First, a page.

Students and faculty involved in the Penn Undergraduate Research Mentoring Program have been pleasantly surprised with the virtual program this summer, despite initial worries about how in-person research would transition to an online format.
PURM is a ten-week summer program that allows rising sophomores and juniors to conduct research with a Penn faculty member. In April, the Center for Undergraduate Research and Fellowships announced the program would be conducted online shortly after the University had declared that summer academic sessions would be taught remotely.
While PURM participants said they are disappointed that they are unable to conduct research in person, they remain optimistic about their projects and appreciate how faculty mentors have worked to provide meaningful research opportunities this summer regardless of the circumstances.
Although Rising College sophomore Michelle Mahecha Perez began her work with psychology professor John Trueswell on speech perception and language learning, the premise of her PURM study was soon entirely modified to suit a remote research model.
Originally, Mahecha Perez and the rest of Trueswell’s team planned to research how patterns of rhythm and sound in speech affected babies. Once PURM went online, the team instead created speech experiments for English and Mandarin speakers to study the their own languages.
While Mahecha Perez was looking forward to the initial intended research project, she said she is grateful they were able to transition the research to a virtual format.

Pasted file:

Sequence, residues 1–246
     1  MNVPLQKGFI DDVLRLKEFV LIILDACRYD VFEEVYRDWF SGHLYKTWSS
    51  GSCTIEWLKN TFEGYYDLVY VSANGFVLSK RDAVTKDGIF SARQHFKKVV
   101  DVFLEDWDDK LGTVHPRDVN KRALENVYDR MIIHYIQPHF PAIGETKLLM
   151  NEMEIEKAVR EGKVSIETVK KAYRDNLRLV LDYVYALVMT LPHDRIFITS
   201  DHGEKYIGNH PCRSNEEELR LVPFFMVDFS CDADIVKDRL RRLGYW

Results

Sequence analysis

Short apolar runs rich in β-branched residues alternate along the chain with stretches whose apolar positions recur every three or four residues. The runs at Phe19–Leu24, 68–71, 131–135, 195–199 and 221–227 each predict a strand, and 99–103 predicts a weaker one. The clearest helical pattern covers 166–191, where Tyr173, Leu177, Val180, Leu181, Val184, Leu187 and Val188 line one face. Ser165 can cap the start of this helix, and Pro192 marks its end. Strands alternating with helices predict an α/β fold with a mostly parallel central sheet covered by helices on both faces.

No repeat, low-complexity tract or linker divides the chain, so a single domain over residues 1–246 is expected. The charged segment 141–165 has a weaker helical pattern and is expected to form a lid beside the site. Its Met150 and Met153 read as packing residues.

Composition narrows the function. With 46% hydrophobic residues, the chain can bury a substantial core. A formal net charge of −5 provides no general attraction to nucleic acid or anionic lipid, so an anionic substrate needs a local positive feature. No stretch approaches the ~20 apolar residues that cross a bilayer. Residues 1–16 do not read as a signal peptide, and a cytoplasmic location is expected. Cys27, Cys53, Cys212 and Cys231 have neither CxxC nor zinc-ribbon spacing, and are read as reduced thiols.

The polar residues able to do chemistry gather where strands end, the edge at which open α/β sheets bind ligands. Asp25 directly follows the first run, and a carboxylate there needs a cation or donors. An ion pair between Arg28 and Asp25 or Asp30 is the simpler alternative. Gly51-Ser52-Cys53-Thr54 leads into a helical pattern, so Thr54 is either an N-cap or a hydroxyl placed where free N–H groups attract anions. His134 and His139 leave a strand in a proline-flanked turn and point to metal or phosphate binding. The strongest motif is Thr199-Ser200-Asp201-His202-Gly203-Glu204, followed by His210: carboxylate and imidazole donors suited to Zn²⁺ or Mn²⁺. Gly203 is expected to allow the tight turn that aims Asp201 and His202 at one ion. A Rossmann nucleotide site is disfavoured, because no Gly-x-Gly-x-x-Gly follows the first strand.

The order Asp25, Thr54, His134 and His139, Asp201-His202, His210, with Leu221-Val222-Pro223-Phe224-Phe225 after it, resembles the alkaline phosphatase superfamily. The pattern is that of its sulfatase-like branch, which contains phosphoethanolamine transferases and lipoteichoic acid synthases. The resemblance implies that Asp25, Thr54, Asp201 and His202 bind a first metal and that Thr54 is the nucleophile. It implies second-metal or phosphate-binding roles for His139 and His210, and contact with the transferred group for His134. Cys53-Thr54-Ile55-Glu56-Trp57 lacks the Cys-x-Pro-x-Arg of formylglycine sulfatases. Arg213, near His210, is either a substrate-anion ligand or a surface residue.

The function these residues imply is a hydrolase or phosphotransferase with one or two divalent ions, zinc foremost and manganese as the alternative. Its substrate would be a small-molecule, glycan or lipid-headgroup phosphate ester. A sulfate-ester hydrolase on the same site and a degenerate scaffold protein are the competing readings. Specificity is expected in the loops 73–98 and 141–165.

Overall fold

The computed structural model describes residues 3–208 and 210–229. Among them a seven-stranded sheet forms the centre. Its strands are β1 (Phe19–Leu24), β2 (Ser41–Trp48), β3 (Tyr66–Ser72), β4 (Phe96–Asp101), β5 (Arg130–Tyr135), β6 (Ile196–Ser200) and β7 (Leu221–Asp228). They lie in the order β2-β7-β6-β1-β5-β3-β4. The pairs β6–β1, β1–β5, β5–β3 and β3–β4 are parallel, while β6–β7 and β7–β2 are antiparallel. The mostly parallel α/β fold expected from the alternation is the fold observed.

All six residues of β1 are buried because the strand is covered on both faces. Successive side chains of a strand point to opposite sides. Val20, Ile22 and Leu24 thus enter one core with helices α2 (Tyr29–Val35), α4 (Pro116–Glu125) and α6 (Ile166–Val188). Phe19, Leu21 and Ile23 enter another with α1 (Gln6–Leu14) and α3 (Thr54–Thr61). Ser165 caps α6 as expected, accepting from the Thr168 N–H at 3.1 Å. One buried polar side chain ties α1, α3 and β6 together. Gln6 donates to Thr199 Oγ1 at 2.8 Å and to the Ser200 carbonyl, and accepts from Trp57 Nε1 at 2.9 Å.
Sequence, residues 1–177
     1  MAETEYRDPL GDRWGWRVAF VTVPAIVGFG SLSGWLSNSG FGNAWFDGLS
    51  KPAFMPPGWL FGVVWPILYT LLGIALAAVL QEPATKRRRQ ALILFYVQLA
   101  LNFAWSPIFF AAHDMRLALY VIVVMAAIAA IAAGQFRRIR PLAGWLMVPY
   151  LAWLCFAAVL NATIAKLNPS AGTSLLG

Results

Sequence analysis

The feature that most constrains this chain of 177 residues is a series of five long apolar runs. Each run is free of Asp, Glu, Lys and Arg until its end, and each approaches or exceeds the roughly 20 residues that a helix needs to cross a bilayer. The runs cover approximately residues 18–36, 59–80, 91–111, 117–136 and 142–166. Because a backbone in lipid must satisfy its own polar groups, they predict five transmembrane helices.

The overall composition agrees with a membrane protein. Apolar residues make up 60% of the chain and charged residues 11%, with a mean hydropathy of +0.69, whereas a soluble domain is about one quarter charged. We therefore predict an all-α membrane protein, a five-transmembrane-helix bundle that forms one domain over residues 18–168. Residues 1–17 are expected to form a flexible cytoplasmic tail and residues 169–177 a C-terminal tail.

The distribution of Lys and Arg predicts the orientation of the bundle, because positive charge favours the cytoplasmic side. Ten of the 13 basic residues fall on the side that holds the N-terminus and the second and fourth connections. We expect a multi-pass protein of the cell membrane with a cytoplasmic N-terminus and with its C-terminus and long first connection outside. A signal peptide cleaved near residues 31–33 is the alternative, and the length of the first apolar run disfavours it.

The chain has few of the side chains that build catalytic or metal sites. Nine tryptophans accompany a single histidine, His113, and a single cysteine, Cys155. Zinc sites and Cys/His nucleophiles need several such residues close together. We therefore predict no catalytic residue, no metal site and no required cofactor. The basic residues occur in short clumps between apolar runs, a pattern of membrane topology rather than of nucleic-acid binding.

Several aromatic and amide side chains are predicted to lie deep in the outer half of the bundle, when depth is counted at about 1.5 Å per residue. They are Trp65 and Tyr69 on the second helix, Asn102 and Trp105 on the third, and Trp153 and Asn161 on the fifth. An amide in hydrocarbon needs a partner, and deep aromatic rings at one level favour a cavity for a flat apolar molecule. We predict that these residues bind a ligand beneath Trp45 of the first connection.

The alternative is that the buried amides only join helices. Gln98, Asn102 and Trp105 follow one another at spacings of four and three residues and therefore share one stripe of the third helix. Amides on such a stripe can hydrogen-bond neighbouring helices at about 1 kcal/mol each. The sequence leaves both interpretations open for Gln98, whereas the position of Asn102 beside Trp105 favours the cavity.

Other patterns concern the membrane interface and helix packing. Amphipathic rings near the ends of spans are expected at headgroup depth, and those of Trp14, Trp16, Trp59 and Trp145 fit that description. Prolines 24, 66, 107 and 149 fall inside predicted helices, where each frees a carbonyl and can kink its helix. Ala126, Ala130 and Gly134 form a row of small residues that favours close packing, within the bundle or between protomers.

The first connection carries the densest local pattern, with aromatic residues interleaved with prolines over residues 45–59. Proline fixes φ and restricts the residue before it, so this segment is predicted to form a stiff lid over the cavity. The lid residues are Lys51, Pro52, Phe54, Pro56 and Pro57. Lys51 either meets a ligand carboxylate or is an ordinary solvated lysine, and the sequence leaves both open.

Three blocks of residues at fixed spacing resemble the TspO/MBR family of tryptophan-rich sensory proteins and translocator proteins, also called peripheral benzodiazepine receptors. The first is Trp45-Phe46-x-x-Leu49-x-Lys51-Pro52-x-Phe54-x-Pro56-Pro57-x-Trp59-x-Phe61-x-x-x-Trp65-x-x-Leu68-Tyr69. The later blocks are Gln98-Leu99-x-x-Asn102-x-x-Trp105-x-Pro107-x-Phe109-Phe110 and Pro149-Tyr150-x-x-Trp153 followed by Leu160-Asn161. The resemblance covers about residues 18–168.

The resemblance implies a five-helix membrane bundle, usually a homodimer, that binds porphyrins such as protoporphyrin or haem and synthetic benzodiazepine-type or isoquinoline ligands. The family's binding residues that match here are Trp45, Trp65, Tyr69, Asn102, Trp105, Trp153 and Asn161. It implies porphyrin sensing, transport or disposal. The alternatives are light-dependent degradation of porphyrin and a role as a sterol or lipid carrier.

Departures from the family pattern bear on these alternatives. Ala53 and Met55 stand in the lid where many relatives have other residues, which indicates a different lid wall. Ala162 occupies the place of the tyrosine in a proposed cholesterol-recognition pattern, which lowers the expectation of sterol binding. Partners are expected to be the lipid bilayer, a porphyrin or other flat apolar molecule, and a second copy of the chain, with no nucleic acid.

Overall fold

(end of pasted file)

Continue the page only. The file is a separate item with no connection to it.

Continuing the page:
“They wanted to give the students some sort of experience, even though it’s not the fullest experience,” she said.
School of Veterinary Medicine immunology professor Jennifer Punt said she also had to adjust the work her students are doing on dog immunology to focus more on analyzing data rather than conducting physical experiments. So far, Punt said, the transition has worked well.
Rising Wharton sophomore Ariana Freire said her research with assistant management professor Samir Nurmohamed on organizational behavior has worked better than she expected in a virtual format.
She said that not being in person, however, has some major disadvantages, including the social aspect of getting to know other researchers on the same project.
Mahecha Perez said that despite the relative success in moving the research project online, she has found it difficult to stay engaged with remote work. She added that the virtual aspect of the program makes it hard to create beneficial connections with others on her team.
While she appreciates having the opportunity to gain exposure to her peers' research in fields of cognitive science and psychology through MindCORE, she would like to see the work that students from other departments are doing this summer.
Despite some drawbacks of online research, both Freire and Mahecha Perez commended their professors for their ability to keep the projects organized and engage their student research assistants.